Can You Hear Me? Reflexive Feminist Methodologies and Diasporic Self-Representation in the Digital Age
Rais, Saadia Subah
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In this exploratory thesis project, I consider what emerging approaches we can take as social scientists to showcase and critically engage self-representations of diasporic individuals, who often lack visibility and legibility within the dominant cultural archive. Filmmaking as a social research practice can provide rich audiovisual data, physical and social access to materials for nonacademics, and opportunities to document and share subjects' comments and settings without the limitations of transcription. This is especially salient in the emerging media landscape of Web 2.0, where digital communications technology applications (such as Facebook, Skype, and Snapchat) are accessible by a global audience, and can act as tools for cultural identity production by diasporic individuals. This project documents the experiences of several first- and second-generation Bangladeshi American immigrants in relation to digital communications technology advances within the past decade, for the purposes of collecting and sharing stories of diasporic individuals, offering a venue for self-expression through empathetic interviewing and collaborative oral history methods, and contributing to the American cultural archive in the context of emerging media and academic landscapes. The full project is comprised of this text document, alongside a short documentary film containing portions of audiovisual data from interviews which can be found at https://www.youtube.com/watch?v=Oh9puazpdrw.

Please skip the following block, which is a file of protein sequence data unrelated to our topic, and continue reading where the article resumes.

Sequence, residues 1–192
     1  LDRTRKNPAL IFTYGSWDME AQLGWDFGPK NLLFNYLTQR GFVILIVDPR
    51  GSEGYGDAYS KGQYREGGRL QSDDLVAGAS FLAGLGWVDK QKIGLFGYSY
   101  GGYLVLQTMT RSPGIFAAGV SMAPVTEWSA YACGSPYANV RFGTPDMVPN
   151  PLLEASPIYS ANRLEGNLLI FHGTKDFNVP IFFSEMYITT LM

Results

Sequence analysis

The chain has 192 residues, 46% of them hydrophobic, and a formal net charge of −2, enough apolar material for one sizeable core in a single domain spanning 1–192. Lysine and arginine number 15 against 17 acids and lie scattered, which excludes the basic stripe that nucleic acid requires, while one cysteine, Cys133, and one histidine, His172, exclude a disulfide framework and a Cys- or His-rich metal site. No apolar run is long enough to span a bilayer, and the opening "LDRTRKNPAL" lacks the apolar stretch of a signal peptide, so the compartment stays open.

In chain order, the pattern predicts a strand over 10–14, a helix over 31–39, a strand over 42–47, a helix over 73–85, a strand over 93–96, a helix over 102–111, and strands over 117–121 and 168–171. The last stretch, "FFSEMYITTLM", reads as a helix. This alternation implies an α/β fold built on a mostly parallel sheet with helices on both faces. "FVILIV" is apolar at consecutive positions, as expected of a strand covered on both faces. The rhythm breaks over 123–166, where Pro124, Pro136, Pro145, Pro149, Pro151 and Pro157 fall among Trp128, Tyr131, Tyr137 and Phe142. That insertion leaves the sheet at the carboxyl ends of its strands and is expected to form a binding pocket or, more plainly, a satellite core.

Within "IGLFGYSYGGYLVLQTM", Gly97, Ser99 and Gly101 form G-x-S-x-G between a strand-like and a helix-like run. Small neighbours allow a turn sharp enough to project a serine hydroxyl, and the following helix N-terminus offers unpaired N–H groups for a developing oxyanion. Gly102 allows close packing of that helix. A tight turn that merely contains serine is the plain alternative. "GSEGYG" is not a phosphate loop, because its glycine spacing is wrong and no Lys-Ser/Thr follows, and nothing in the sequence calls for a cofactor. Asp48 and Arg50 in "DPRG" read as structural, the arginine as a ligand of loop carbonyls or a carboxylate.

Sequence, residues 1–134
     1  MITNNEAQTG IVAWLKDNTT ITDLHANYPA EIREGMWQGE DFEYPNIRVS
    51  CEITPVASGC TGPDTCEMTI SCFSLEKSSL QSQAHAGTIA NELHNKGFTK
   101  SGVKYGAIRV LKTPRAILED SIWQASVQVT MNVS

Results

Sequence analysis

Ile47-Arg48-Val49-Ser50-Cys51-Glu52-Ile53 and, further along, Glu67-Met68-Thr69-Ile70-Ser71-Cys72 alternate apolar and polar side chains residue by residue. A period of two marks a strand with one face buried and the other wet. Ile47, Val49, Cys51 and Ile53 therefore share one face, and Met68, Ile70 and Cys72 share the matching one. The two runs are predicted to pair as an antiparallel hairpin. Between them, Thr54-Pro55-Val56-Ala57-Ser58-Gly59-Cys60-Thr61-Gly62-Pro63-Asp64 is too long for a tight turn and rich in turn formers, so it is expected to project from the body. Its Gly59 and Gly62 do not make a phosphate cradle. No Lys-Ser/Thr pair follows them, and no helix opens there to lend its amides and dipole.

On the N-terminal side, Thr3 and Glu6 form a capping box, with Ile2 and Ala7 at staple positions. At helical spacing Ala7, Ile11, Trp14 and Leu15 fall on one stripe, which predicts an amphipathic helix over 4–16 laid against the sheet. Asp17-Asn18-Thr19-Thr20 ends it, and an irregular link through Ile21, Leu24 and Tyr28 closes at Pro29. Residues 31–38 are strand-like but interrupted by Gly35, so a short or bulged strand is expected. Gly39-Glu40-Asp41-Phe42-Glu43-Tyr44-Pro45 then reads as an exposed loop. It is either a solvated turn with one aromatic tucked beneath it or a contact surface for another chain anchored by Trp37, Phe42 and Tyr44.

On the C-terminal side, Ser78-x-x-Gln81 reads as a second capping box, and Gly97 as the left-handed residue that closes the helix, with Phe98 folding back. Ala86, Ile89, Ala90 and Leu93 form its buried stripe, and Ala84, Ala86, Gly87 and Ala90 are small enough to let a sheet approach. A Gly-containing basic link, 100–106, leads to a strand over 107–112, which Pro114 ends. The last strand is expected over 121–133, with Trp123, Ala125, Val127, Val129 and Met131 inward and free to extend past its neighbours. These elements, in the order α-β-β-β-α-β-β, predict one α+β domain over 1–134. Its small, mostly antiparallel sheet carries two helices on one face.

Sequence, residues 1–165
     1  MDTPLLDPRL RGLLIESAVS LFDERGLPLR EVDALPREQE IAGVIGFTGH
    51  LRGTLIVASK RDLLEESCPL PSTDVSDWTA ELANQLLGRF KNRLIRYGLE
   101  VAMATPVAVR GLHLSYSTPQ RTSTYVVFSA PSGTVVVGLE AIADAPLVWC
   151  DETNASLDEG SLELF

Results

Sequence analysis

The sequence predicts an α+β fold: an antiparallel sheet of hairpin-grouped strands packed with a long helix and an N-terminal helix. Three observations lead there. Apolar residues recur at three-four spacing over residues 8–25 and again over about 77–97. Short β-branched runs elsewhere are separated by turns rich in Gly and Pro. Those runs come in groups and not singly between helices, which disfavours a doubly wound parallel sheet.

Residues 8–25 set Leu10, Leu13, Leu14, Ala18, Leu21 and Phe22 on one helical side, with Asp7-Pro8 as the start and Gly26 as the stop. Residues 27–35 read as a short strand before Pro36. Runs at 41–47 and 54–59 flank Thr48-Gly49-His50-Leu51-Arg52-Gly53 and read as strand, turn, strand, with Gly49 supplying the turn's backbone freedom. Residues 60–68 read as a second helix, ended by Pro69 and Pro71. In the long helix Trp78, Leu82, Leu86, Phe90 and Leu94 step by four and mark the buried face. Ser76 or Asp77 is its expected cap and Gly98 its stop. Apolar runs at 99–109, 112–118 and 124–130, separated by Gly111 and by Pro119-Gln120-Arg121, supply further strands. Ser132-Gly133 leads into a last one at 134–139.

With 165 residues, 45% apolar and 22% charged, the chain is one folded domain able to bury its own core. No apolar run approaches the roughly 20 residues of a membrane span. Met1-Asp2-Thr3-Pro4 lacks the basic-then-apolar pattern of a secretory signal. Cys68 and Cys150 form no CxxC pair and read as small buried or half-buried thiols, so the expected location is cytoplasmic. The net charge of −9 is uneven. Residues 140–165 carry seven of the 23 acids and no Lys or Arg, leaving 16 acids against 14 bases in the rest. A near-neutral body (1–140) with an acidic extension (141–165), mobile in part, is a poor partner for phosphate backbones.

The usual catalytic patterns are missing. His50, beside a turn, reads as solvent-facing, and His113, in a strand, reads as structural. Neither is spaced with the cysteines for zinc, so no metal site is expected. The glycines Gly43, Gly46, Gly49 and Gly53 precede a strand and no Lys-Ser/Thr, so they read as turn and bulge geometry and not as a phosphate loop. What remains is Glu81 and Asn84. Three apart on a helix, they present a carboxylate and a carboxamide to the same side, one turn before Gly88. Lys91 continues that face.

- Masters Theses